Hilde 09-01-2011 05:41 PM

Patience is the name of the game when it comes to dealing with plants. Most with good scapes start the way this one has.

firefiend 09-01-2011 05:48 PM

Dude, no offense taken. I agree that this isn't a mind blowing scape. Really it wasn't meant to be. This is my first planted aquarium so really this, and my 5 gallon are all about getting the experience.

I have a 55 Gallon sitting empty on the floor in my bedroom. I'm working on the stand diagram now as it will be custom built.

I'm planning on setting this tank up next year and I assure you that if all goes will with the 10 and 5 that this 55 will meet the same standard as my vivarium, which was well over a year in the planning stage.


firefiend 09-03-2011 03:19 AM

There seems to be some sediment or something settling on the plant's leaves. I should have plenty of water movement but I ended up adjusting the water pump's flow so that it is more downward into the water column. That's helped some but there are still some plants that seem untouched by the flow.

Is this build-up harmful to the plants? When I finally add the fish will their movement alleviate this?

demonbreedr16 09-03-2011 04:22 AM

I'd just recommend brushing it off[pushing your hand in and pushing water over the leaves] when you feel like it, to be honest. I doubt it'll harm the plants but it might if it stays on them for a week or more[block out the light]... :) It is a nice tank! I can't wait to see it grown in...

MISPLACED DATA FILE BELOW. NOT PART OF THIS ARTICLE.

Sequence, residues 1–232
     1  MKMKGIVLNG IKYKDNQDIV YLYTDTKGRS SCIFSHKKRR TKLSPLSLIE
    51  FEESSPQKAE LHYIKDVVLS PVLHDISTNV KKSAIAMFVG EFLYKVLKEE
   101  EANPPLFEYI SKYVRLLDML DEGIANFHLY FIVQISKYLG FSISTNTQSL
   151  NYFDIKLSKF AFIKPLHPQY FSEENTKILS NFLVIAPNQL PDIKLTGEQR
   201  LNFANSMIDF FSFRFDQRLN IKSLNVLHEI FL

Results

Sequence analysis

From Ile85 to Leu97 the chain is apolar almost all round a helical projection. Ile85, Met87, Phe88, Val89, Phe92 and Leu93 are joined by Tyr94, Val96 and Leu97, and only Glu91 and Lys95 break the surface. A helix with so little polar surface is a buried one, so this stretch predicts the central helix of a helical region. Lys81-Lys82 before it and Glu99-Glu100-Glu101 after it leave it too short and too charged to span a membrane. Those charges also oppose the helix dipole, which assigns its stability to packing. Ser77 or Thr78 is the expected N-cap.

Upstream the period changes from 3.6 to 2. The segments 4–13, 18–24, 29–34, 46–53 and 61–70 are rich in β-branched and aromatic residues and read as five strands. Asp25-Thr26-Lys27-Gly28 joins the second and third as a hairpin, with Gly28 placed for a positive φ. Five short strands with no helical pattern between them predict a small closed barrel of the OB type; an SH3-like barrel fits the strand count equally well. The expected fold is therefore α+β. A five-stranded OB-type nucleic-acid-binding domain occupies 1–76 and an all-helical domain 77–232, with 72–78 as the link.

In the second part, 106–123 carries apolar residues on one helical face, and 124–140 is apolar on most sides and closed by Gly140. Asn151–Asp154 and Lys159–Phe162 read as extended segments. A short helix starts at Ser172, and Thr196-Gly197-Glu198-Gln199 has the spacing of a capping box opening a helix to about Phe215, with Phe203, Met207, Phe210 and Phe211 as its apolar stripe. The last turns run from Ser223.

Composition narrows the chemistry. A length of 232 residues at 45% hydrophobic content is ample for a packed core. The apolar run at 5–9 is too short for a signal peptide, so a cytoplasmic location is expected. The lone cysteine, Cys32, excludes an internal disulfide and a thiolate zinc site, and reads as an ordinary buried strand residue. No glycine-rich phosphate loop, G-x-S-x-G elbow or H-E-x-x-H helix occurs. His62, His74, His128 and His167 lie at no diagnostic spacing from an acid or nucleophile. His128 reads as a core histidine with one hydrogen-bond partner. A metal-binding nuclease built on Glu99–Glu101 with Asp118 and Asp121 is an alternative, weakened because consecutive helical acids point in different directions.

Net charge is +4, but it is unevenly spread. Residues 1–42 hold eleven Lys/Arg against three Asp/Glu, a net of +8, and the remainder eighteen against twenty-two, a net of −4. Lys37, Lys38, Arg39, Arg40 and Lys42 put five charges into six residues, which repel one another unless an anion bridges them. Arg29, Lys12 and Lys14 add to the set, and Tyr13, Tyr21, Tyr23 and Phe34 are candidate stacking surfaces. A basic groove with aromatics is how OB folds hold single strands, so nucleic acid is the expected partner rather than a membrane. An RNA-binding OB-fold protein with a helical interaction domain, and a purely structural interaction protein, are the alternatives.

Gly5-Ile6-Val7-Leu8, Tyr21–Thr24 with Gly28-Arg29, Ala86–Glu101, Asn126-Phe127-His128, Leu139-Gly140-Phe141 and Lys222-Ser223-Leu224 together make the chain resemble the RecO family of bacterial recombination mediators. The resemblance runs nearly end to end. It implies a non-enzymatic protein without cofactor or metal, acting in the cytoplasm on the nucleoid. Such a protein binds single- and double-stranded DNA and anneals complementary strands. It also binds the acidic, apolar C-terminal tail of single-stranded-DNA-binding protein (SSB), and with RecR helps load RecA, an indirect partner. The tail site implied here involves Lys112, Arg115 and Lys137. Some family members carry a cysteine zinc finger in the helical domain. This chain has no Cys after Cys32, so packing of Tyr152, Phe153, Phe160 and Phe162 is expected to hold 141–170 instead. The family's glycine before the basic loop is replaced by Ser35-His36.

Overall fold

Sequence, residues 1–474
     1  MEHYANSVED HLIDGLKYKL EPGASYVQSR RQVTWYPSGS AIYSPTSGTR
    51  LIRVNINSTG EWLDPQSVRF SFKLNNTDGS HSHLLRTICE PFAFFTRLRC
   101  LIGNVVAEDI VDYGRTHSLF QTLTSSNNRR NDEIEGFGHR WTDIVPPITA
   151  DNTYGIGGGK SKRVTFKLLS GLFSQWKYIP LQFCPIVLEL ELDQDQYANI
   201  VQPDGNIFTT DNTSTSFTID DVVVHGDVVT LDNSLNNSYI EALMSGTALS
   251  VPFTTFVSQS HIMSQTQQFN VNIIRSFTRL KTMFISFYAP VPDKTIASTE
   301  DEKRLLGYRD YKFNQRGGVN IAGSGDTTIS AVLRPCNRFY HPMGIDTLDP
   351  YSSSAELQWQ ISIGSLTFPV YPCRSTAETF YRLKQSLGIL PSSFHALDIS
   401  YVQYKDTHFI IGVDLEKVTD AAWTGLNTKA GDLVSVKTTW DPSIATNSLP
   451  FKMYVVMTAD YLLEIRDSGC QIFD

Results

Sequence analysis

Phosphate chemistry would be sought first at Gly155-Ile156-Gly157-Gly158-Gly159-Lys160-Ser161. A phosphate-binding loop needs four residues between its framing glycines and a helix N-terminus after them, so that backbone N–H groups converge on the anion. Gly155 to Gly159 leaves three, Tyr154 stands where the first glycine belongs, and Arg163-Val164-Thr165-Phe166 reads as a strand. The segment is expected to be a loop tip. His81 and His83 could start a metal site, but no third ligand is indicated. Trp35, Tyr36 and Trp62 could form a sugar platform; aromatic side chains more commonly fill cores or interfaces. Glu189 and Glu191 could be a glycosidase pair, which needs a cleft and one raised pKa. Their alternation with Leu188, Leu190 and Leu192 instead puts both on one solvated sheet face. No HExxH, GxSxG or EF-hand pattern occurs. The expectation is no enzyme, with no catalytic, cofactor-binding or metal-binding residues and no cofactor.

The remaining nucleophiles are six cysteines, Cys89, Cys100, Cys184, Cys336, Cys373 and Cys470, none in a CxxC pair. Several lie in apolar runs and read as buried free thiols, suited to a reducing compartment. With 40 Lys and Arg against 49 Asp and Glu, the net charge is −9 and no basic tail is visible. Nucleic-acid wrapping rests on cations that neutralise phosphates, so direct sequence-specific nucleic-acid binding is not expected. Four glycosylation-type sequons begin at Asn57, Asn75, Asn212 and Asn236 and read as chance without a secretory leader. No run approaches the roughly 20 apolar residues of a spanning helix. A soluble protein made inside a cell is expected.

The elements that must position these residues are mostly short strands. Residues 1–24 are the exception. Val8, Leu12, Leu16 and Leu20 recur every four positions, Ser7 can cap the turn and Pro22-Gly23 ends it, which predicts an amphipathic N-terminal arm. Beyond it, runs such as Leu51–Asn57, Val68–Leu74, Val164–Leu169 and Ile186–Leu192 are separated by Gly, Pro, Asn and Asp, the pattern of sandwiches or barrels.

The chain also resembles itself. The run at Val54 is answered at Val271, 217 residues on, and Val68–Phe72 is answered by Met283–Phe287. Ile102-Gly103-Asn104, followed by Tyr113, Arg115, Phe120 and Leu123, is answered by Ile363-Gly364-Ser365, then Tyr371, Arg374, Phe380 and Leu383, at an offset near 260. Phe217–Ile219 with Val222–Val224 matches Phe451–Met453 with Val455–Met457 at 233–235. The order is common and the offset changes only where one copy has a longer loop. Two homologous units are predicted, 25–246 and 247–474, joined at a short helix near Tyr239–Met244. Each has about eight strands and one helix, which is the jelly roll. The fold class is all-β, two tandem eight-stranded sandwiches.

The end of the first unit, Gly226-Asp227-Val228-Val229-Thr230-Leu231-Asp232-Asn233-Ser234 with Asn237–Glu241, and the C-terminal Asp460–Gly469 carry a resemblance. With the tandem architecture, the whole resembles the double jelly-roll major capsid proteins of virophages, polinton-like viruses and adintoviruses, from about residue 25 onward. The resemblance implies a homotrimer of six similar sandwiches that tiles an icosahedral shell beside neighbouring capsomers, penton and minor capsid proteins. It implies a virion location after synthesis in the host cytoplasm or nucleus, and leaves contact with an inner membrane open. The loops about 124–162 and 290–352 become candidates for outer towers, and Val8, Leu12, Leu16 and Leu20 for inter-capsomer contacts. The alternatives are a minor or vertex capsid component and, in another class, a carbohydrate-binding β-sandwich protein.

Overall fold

And honestly, 'scaping isn't as easy as it takes alittle while of plants growing and determining what plants do best for you, how they grow in the tank, and such...I'm sure you'll make it look even better when you've seen how the plants are gonna do. :D

firefiend 09-19-2011 12:09 AM

18 Day update!
Well, things are going along rather nicely I think. The L. Repens is growing up and is almost emergent. The C. Undulatus is coming in slowly after a little melting; the C. Lutea however is really taking off. I had planted only 1 rhizome that had three leaves on it because the pot only had two rhizomes that were in good condition. Honestly, I though this plant would be a bust but the three leaves has turned into eight and there are several new plantlets forming around the original rhizome. There are also three other plantlets that I think belong to one (or maybe both) of the crypts; it's too early to tell.

The E. Tenellus is adjusting great. One of them is sending out runners like mad.

I have some serious diatom issues that have developed. So today I went out to get some more Zerites (since I killed my first three with an H2O2 treatment). They're leaving behind a nice trail of clean gravel as they travel along, haha.

Also, picked up this little guy.

Oh yeah, all the dark spots on the leaves are actually snail excrement! Pond snails make a lot of poop!

I'm still letting the plants grow-out a bit before I start shaping the tank... for instance, I'm going to keep the L. repens short and bushy and I might be adding some stems in the right corner instead of the S. Subulata that is currently there.

2in10 09-19-2011 12:14 AM

Nice growth, should really start exploding soon.

firefiend 09-21-2011 05:41 PM

So... added three apple snails (and I think I have a mixed pair in there because two of them have been doing an awful lot of "wrestling") and 4 otos to combat the diatoms.